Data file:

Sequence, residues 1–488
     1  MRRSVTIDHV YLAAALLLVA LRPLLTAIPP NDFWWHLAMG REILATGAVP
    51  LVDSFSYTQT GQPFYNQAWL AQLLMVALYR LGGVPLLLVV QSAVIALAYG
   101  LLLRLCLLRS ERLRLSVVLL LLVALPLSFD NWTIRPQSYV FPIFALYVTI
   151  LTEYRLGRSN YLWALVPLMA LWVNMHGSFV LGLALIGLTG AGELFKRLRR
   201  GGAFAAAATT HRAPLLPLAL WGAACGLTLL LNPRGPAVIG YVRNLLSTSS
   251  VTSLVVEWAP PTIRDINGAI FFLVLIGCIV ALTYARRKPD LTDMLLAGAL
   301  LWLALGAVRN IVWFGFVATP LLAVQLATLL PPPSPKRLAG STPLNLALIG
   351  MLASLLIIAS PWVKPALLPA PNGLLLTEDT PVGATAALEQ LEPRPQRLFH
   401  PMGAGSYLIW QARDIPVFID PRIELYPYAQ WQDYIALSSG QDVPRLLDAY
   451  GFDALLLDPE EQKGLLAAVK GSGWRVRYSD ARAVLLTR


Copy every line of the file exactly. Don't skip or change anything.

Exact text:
Sequence, residues 1–488
     1  MRRSVTIDHV YLAAALLLVA LRPLLTAIPP NDFWWHLAMG REILATGAVP
    51  LVDSFSYTQT GQPFYNQAWL AQLLMVALYR LGGVPLLLVV QSAVIALAYG
   101  LLLRLCLLRS ERLRLSVVLL LLVALPLSFD NWTIRPQSYV FPIFALYVTI
   151  LTEYRLGRSN YLWALVPLMA LWVNMHGSFV LGLALIGLTG AGELFKRLRR
   201  GGAFAAAATT HRAPLLPLAL WGAACGLTLL LNPRGPAVIG YVRNLLSTSS
   251  VTSLVVEWAP PTIRDINGAI FFLVLIGCIV ALTYARRKPD LTDMLLAGAL
   301  LWLALGAVRN IVWFGFVATP LLAVQLATLL PPPSPKRLAG STPLNLALIG
   351  MLASLLIIAS PWVKPALLPA PNGLLLTEDT PVGATAALEQ LEPRPQRLFH
   401  PMGAGSYLIW QARDIPVFID PRIELYPYAQ WQDYIALSSG QDVPRLLDAY
   451  GFDALLLDPE EQKGLLAAVK GSGWRVRYSD ARAVLLTR